Nimbus used a process that was quite different to master their historical opera recital recordings. They had a special disk player built with a 6 foot(!) horn, and played the records back with pine needles, producing a warm woody sound with very little surface noise. If they ever issue a big box with their complete collection, I'll be the first in line. Is that label still with us? Does anyone know?

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Re: One wonders about remastering on big boxes!

Post by jserraglio » Wed Jun 13, 2018 12:51 pm

Number one in importance for good audio, or so I am told, is the quality of the recording. Next would be the listening room and, unless you use headphones, the placement of the speakers.

Though they can make a difference, audio playback equipment (speakers, amps, CD or LP players, cables, etc.) is of secondary importance when compared to the source material itself.

For that reason my audio setup consists of all used equipment except for an inexpensive Oppo DVD player now used only for CD playback. I invested in LPs and CDs, not playback equipment.

maestrob
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Re: One wonders about remastering on big boxes!

Post by maestrob » Wed Jun 13, 2018 1:47 pm

jserraglio wrote:
Wed Jun 13, 2018 12:51 pm
Number one in importance for good audio, or so I am told, is the quality of the recording. Next would be the listening room and, unless you use headphones, the placement of the speakers.

Though they can make a difference, audio playback equipment (speakers, amps, CD or LP players, cables, etc.) is of secondary importance when compared to the source material itself.

For that reason my audio setup consists of all used equipment except for an inexpensive Oppo DVD player now used only for CD playback. I invested in LPs and CDs, not playback equipment.
I'm with you, except for the speakers. It is crucial to have a set of top flight speakers, Jserraglio, IMHO. Expensive "audiophile" DVD or CD players are generally more accurate in tracking CDs, but they don't necessarily last longer or produce better sound.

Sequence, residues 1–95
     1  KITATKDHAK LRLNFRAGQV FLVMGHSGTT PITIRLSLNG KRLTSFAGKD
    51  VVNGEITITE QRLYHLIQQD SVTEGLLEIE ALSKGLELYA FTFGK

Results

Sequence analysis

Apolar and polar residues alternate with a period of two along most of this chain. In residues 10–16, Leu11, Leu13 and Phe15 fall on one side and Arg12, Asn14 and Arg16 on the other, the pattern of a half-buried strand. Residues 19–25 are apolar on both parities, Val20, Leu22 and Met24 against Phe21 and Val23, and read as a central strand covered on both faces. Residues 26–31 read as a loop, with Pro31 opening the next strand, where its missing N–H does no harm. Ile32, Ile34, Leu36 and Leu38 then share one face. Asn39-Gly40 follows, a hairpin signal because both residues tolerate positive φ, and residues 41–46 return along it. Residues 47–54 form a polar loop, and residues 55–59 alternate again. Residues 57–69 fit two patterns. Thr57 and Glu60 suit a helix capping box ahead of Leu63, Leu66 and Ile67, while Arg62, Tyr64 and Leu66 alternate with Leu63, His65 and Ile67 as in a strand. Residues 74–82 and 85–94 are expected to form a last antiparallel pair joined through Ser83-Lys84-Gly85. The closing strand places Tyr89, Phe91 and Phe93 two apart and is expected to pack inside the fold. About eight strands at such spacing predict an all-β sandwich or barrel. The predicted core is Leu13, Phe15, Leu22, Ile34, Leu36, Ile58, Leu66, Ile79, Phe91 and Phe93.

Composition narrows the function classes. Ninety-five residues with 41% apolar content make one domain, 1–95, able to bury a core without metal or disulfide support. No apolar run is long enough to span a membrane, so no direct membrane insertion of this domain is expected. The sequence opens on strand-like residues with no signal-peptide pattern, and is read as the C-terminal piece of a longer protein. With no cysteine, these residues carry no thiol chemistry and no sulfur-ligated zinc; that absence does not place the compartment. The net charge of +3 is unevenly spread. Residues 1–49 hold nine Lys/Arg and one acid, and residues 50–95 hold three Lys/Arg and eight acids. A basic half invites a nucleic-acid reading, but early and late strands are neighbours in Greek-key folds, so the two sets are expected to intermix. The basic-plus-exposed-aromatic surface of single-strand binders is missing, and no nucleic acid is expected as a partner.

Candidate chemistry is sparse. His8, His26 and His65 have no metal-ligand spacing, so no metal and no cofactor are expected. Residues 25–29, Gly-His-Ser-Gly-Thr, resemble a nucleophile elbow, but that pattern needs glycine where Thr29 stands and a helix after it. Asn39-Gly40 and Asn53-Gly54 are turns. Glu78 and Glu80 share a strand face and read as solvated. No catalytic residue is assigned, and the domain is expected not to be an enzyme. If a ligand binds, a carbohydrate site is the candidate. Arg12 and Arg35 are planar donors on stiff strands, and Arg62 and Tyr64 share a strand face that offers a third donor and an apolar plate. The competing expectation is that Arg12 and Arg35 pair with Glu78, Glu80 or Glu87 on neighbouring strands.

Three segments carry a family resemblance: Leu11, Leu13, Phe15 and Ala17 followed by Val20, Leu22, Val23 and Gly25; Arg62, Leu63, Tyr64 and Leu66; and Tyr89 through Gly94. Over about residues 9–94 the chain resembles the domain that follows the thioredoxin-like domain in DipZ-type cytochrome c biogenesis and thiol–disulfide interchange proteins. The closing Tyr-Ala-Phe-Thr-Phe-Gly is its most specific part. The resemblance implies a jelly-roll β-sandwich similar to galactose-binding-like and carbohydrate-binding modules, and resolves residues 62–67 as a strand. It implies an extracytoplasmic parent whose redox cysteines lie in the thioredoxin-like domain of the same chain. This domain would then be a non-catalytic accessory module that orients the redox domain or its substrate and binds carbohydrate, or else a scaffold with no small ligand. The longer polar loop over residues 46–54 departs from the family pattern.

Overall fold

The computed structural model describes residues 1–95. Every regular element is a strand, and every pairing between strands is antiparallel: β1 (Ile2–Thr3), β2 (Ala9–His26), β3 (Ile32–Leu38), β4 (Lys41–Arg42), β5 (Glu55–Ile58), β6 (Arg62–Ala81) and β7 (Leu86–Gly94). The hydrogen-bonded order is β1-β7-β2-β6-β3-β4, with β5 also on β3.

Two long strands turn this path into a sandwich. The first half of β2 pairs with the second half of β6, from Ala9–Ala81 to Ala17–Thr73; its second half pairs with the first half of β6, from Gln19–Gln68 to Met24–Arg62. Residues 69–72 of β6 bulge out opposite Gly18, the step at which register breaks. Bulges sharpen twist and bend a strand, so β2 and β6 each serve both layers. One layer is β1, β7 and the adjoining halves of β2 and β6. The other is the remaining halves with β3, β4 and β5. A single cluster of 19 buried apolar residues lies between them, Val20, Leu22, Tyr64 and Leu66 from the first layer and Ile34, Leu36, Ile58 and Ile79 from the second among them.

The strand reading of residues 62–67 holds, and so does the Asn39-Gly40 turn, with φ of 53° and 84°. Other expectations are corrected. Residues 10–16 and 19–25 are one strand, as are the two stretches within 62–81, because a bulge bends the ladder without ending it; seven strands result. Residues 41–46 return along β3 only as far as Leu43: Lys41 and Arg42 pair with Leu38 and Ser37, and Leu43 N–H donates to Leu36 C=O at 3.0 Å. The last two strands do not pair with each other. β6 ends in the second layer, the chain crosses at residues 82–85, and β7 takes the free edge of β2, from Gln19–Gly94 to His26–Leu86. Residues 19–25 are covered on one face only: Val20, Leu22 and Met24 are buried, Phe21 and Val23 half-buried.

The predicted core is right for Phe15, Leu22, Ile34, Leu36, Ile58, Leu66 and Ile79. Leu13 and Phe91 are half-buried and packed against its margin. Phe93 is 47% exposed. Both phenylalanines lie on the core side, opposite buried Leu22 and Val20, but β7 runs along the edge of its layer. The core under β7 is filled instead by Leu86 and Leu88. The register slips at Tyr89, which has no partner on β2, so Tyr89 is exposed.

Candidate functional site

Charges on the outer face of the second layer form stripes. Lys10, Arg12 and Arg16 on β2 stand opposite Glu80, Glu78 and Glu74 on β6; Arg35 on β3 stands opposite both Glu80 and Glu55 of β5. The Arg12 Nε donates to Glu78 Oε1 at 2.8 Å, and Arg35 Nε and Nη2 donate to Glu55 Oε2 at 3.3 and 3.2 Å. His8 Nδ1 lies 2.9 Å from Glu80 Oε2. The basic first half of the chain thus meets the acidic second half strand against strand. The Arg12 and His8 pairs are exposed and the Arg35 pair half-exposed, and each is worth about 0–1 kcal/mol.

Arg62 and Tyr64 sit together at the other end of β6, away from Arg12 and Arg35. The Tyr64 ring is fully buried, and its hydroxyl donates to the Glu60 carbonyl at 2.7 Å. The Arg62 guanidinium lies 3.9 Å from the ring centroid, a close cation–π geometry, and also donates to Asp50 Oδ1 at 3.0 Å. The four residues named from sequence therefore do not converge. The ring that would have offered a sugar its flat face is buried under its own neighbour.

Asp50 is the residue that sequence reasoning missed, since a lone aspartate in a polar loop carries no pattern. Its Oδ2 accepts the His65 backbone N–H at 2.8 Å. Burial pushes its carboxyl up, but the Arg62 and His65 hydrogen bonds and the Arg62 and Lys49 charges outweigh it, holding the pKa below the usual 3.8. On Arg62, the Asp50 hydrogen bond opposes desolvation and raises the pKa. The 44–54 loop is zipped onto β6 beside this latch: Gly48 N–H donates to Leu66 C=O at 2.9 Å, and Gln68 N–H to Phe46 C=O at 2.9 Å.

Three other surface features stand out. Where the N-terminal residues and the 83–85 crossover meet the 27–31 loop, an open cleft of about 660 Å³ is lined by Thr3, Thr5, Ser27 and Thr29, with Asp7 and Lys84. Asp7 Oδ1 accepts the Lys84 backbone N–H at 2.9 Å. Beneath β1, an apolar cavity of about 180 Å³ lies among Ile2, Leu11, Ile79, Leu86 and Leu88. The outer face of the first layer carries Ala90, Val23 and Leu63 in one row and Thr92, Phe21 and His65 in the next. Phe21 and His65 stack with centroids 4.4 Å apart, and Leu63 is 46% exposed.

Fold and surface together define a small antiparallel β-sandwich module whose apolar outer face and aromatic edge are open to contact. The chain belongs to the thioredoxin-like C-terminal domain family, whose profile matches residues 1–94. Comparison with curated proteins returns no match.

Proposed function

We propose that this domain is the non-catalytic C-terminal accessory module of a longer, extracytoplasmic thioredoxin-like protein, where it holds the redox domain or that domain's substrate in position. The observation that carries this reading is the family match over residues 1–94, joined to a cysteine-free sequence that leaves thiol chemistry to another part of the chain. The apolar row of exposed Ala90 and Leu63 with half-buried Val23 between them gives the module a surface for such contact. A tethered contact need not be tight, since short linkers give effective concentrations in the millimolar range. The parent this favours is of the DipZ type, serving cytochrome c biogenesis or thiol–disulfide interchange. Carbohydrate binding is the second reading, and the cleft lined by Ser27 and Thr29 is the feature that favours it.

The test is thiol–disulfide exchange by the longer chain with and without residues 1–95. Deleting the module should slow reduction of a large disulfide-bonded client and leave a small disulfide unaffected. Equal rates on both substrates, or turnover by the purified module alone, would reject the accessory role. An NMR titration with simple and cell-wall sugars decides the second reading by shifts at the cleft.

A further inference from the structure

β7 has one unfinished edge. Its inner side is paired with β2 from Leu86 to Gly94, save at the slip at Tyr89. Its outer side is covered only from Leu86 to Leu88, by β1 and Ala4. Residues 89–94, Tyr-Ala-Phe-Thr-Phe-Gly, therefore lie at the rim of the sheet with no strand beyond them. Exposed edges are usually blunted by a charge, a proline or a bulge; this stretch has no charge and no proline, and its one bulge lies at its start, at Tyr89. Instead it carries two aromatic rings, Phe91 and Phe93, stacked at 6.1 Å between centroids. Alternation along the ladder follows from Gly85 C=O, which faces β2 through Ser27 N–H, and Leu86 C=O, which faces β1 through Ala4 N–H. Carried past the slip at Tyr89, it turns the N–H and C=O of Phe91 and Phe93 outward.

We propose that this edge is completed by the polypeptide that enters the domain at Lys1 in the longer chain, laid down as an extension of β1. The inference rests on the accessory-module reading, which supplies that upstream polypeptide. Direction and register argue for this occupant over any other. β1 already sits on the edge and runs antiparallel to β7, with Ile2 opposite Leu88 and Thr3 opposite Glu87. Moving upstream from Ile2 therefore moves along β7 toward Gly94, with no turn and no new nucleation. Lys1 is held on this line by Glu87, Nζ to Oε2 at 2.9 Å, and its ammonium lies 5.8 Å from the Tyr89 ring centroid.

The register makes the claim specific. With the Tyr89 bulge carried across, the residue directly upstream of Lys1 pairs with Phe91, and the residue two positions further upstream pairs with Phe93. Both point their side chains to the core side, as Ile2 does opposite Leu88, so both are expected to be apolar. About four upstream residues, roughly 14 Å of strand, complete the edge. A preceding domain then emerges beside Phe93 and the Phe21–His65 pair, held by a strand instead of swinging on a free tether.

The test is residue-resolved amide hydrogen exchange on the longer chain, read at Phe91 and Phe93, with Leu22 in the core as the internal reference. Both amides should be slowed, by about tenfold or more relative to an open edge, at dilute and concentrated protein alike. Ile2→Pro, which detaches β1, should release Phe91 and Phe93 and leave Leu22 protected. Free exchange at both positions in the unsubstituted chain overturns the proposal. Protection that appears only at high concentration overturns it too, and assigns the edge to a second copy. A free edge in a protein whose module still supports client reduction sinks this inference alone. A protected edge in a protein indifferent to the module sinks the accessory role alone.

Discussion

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Re: One wonders about remastering on big boxes!

Post by jserraglio » Wed Jun 13, 2018 2:30 pm

I have a pair of Henry Kloss's New Large Advent speakers from the late seventies, refoamed, purchased used for peanuts from an audio shop and they suit me just fine.

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Last edited by jserraglio on Fri Jun 15, 2018 6:15 am, edited 1 time in total.

Belle
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Re: One wonders about remastering on big boxes!

Post by Belle » Wed Jun 13, 2018 5:06 pm

I agree about the importance of good audio. The Densen CD player is superb for picking up finer detail. When I bought it I compared the model below with the same speakers I've got (Bowers and Wilkins *CM10S2) the detail was much finer on the model I chose. But it's temperamental and often stops midstream and reverts to the "finish" mode. I've been in touch with Densen (it has a lifetime warranty) and they want it returned to Denmark for inspection. I just cannot be bothered.

https://www.youtube.com/watch?v=rYZ_84naayg

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Re: One wonders about remastering on big boxes!

Post by mikealdren » Thu Jun 14, 2018 12:45 pm

Having commented about the importance of listening, there are some remarkable technical solutions in use for remastering nowadays.

One is a system that completely removes pitch variations from piano recordings, this really should be mandatory for any old recordings. Not sure how well it works for other instruments/voice. And of course the systems for removing noise are amazing, however this is where it requires a musician on the controls otherwise the music can be lost too.

Many years ago (1970s?) we had the first attempts at compensating for pitch imbalances in recordings - remember the Caruso recordings compensating for the recording horn. This process is so much more sophisticated now but it is also where the musician's ear is really called for.

The problem for me is the recordings where an engineer simply takes the original and digitises it, easy, lazy and usually disappointing.